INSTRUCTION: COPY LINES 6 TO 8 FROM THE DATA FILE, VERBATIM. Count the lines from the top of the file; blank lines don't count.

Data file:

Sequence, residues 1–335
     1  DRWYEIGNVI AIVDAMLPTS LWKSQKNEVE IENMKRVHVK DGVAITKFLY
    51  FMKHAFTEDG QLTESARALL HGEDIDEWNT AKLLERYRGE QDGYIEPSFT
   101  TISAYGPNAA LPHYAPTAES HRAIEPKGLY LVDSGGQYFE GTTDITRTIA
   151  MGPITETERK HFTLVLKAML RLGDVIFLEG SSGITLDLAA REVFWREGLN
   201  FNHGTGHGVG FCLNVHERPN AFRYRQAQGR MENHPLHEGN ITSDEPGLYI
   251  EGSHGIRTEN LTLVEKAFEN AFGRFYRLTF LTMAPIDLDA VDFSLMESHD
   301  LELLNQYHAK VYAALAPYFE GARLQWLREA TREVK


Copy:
   201  FNHGTGHGVG FCLNVHERPN AFRYRQAQGR MENHPLHEGN ITSDEPGLYI
   251  EGSHGIRTEN LTLVEKAFEN AFGRFYRLTF LTMAPIDLDA VDFSLMESHD
   301  LELLNQYHAK VYAALAPYFE GARLQWLREA TREVK